ATOMIC
EMPIRE

Comics: One Does Not Simply Walk into Mordor

by Dee. 5/27/2017
Hey there, friends: Dee here with some reviews and previews for May - so buckle up! Here's the word on Batman / Shadow, Luke Cage (2017), Kill the Minotaur, and Rick and Morty: Pocket Like You Stole It.

Batman / Shadow (DC Comics): The world's best detectives join forces, and swiftly mete out justice and punishment in equal measure. Bruce comes to Henri Ducard, asking his former mentor for help with an unsolvable mystery: the impossibility of the Shadow, alive and kicking in today's world.

I like that instead of merely "updating the story for modern times" in a cringe-worthy way, they built the legend, the ghost, and the mystery to evolve the Shadow into a more haunting character. Within a few panels, the artist builds the tension of the Shadow appearing and disappearing dramatically, and it is an elegant way to play with visual storytelling.

This is a six-issue mini-series, so I'd suggest hopping on this story sooner rather than later.

Luke Cage (2017) (Marvel Comics): Unsurprisingly, Luke Cage kicks ass. He is strong, deliberate and powerful through his words as well as his actions.

Did you like the Netflix series? This has a similar feel, in that Luke, by his very nature, is a smooth talker. The comic's hero doesn't look like the TV star, which gives it the ability to tell a different story without story continuity problems.

The script for this issue is meaningful and carefully crafted for maximum impact: the tone of the story feels similar to the Netflix miniseries. One of the most powerful pages has his inner dialogue following his fight down multiple flights of stairs, staying dynamic in action as static images on the page.

The color palette reflects the mood in such a significant manner, going from full color to shades of gray for a pivotal moment in the comic. I am impressed by how the story feels well orchestrated between story and visual storytelling methods.

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Kill the Minotaur (Skybound):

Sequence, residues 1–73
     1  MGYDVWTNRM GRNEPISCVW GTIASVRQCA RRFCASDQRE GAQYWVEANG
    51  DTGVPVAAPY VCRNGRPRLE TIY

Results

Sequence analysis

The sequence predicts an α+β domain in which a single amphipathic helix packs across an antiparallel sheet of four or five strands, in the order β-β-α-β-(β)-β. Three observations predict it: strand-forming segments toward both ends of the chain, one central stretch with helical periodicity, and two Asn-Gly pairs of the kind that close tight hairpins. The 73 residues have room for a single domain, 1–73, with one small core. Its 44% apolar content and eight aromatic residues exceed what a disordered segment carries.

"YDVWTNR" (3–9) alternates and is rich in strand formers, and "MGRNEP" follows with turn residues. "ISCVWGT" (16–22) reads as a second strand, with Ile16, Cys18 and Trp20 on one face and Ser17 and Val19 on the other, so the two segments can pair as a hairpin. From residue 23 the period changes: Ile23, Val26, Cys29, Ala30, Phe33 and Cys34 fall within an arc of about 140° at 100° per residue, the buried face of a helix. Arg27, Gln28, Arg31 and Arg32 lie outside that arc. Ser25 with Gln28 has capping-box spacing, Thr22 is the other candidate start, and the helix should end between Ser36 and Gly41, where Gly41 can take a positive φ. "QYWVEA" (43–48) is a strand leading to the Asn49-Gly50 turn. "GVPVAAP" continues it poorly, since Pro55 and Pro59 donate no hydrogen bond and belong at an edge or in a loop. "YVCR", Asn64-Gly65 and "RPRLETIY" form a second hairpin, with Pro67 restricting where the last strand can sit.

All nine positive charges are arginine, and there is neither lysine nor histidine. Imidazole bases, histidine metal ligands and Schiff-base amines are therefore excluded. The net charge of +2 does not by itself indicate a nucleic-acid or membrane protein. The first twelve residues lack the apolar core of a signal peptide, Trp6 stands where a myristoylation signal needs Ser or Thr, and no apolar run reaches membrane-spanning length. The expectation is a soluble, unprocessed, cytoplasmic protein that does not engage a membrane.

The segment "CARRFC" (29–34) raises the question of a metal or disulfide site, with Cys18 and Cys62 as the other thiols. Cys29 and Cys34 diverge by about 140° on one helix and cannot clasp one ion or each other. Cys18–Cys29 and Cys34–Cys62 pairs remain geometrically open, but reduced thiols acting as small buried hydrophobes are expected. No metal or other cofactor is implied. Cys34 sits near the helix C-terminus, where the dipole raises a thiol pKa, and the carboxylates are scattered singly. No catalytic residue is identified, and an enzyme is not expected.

If you are at all familiar with the Greek myth of the Minotaur, you have a good idea of where this comic is leading. The story has everything you need: a Big Bad monster, betrayal, warring nations, human sacrifice... the list goes on and on.

The myth goes that the Minotaur is Minos's adopted son, as the gods took his biological son. Minos has repeatedly pillaged his way though Athens, and a bargain is finally struck: the King of Athens will send him seven sons and seven daughters of Athens as a sacrifice to the Minotaur, if Minos will not attack for nine years.

Remarkably, Minos agrees and keeps to his word. Theseus, prince of Athens, steps up to be one of the sacrifices. This is when the story really takes off. In the preview of this issue, they cut off the story after King Minos has proved what a manipulative and awful tyrant he is, mercilessly killing a tribute and drugging our hero.

What the comic offers is a more realistic view of the action through a third-person narrative, with the focus on our main man, Theseus. The classical myth seems to feel detached from the visceral reality of living in that time, so the comic's portrayal of beheading is more upsetting, the casual view on brutality against other people is more repulsive, and the indifference of the ruling class triggers a more rebellious response.

The pedigree of this comic is interesting: the creators of Kill the Minotaur (Chris Pasetto and Christian Cantamessa) have also had success in other media (Red Dead Redemption and Destiny video games), and Skybound's first feature film, Air. The artist Lukas Ketner, has worked on Witch Doctor and Birthright, and Jean-Francois Beaulieu did colors for Green Valley and I Hate Fairyland. This is compelling and ambitious, and I'm excited about the epic nature of the series.

Release date: June 14, 2017.

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Rick and Morty: Pocket Like You Mean It (Oni Press):

If you know Rick and Morty, and if you like the Pocket Mortys mobile game, this is the comic for you! Like the mobile game, there are multiple Mortys trying to escape from the Mortys that captured them. If you don't know the mobile game, don't worry: this sounds like an actual episode of the TV show. As a viewer, I can tell you that the tone, dialogue and script is faithful to the original material.

The creative minds behind this series have worked on Steven Universe, Rick and Morty, Power Rangers: Pink and The Skeptics.

Here's the other thing: this comic did something that the Pathfinder comic series did - it included usable game cards (in this case, for the TCG version of Pocket Mortys). This means that getting a subscription would be the way to ensure you get all of the cards available from the comics. This is a five-issue miniseries, so get on this ASAP.

Release date: July 5, 2017.

Speak friend and enter,
Dee

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